This is an appeal from the District Court wherein the District Court granted summary judgment in favor of Allstate. This is a review of how the Court reviews the granting of a summary judgment.
Here is some basic background in the case:
Saul Guzman died on January 29, 2019, after suffering a seizure. He was twenty-eight years old. Mirna, his wife and life insurance beneficiary, filed a claim with Allstate to collect the $250,000 in policy proceeds. After conducting a routine contestable-claim investigation, Allstate rescinded the policy and refused to pay. Mirna sued, and the district court granted Allstate’s motion for summary judgment.
Saul Guzman applied for a life insurance policy from Allstate on August 17, 2017. In his application, Guzman disclosed his history of seizures. But he denied using tobacco or nicotine products. In response to the question: “Do you currently use tobacco or nicotine?”, Guzman answered “No.” And in response to the question: “If ‘no’ . . . have you ever used tobacco or nicotine?”, Guzman also answered “No.” After receiving some of Guzman’s medical records and the results of his blood and urine tests, Allstate issued him a policy of $250,000 at a “Standard Non Tobacco”
annual premium rate. Guzman made Mirna, his wife, the beneficiary.
Guzman died on January 29, 2019, after suffering a seizure at work. Mirna filed a claim with Allstate to recover the policy proceeds, and Allstate began a contestable-claims investigation. During the investigation, Allstate obtained additional medical records. Upon discovering that most described Guzman as a smoker, Allstate sent the records along for two “underwriting referrals” to determine whether Guzman would have been issued the same policy if he had disclosed that he was a smoker. Both underwriting referrals determined that Guzman would not have been issued the same policy. On this basis, Allstate informed Mirna that it was rescinding the contract and gave her a premium refund of $433.84.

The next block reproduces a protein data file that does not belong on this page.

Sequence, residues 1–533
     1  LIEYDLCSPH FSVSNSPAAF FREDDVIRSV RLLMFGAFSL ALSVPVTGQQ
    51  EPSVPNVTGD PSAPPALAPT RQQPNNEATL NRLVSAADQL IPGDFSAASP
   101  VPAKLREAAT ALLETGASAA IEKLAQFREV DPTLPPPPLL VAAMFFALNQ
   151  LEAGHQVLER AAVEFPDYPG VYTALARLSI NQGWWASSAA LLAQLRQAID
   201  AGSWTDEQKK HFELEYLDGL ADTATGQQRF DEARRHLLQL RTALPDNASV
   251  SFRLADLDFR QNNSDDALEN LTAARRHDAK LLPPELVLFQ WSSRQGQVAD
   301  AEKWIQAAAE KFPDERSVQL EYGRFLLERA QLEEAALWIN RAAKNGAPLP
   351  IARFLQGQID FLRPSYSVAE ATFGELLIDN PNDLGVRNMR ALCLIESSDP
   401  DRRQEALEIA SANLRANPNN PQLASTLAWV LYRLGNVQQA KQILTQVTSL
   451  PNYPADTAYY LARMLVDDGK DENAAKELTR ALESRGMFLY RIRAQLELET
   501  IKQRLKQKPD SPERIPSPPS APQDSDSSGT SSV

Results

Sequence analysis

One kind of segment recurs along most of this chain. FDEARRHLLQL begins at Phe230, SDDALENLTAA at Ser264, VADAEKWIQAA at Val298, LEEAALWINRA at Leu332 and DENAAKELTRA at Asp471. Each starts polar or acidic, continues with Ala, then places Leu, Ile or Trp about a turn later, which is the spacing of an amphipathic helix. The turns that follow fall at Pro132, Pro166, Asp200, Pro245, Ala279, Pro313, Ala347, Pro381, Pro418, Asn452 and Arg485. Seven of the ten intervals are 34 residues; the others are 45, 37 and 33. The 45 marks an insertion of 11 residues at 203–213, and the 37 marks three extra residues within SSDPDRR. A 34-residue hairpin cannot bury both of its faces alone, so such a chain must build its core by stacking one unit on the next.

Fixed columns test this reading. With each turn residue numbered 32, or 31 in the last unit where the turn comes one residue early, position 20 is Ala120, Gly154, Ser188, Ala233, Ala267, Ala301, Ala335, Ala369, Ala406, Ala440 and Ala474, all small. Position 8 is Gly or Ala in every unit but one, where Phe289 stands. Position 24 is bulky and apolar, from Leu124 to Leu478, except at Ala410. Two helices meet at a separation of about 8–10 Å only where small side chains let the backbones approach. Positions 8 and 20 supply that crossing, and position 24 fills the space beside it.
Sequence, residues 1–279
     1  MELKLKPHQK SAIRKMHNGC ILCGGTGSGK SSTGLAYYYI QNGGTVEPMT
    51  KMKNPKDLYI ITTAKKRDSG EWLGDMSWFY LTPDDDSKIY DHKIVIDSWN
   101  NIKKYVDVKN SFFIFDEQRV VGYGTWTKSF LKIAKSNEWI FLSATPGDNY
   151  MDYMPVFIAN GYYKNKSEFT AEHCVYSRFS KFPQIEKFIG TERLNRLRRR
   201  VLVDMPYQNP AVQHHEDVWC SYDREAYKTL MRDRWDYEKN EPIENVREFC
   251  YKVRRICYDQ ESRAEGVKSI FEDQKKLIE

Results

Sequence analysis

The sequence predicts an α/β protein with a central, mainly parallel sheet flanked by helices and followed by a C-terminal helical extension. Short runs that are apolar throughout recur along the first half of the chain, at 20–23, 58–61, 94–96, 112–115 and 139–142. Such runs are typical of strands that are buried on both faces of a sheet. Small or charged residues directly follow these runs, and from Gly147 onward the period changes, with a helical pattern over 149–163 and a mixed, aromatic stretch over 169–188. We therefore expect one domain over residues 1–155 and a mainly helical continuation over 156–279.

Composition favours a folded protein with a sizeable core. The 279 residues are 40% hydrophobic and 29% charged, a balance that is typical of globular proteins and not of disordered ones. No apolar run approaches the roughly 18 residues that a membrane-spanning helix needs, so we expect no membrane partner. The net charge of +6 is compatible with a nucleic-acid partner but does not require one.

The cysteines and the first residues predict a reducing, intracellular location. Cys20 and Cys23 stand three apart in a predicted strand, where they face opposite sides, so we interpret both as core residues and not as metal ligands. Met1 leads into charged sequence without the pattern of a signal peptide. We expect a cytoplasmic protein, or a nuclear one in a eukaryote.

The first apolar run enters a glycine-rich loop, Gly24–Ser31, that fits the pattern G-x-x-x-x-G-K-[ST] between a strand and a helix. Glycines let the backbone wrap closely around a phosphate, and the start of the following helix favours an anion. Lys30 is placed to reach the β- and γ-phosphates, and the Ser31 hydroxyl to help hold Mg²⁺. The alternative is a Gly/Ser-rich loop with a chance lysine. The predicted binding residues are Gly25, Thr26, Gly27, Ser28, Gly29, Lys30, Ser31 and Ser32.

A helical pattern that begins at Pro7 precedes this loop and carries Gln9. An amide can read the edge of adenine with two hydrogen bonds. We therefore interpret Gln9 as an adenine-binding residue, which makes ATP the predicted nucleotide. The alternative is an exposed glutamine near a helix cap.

Mirna alleges Allstate was wrong in rescinding the policy and sued Allstate for breach of the life insurance contract, and violation of the Texas DTPA, violation of Section 542.003 of the Texas Insurance Code.
The parties chiefly disputed whether Guzman was a smoker at the time he filled out his application. As evidence that he was, Allstate pointed to Guzman’s medical records, most—though not all—of which described Guzman as a smoker. In her response, Mirna flatly denied that her husband was a smoker. She submitted her own deposition and two affidavits, one from her and the other from Guzman’s sister, Martha. Based on their knowledge of Guzman and the fact that they never saw him smoke or smelled smoke on his person or belongings, both Mirna and Martha denied that he was a smoker.
The district court granted Allstate’s motion for summary judgment based on it’s determination that there was no genuine dispute of material fact as to whether
Guzman made (1) a representation; (2) of a material fact; (3) that was false;
and (4) upon which Allstate relied.
This Court’s review of the granting of the summary judgment is de novo. In doing so, the Court views the evidence in the light most favorable to the nonmovant and construe all reasonable inferences in her favor. Summary judgment is only appropriate when the movant shows that there is no genuine dispute as to any material fact and the movant is entitled to judgment as a matter of law.
When the movant also carries the burden of proof at trial, as when he asserts an affirmative defense, his burden is even higher; he must establish beyond peradventure all of the essential elements of the claim or defense. Only if the
movant succeeds must the nonmovant designate specific facts showing that
there is a genuine issue for trial.
Finally, courts may not evaluate the credibility of the witnesses, weigh the evidence, or resolve factual disputes. The sole question is whether a reasonable jury drawing all inferences in favor of the nonmoving party could arrive at a verdict in that party’s favor.
Guzman made two tobacco-related representations on his insurance application. First, he denied being a “smoker.” Second, he denied that he had “ever used tobacco or nicotine.” A “misrepresentation” requires that one of these statements was false at the time the representation was made. If the answers to the questions in the application were untrue at the time they were given, the untrue answers
constituted misrepresentations. This misrepresentation must also be material. A representation is material if it actually induces the insurance company to assume the risk. The principal inquiry in determining materiality is whether the insurer would have accepted the risk if the true facts had been disclosed.
When moving for a motion for summary judgment or responding to one, the way the Courts are to look at the motion is important.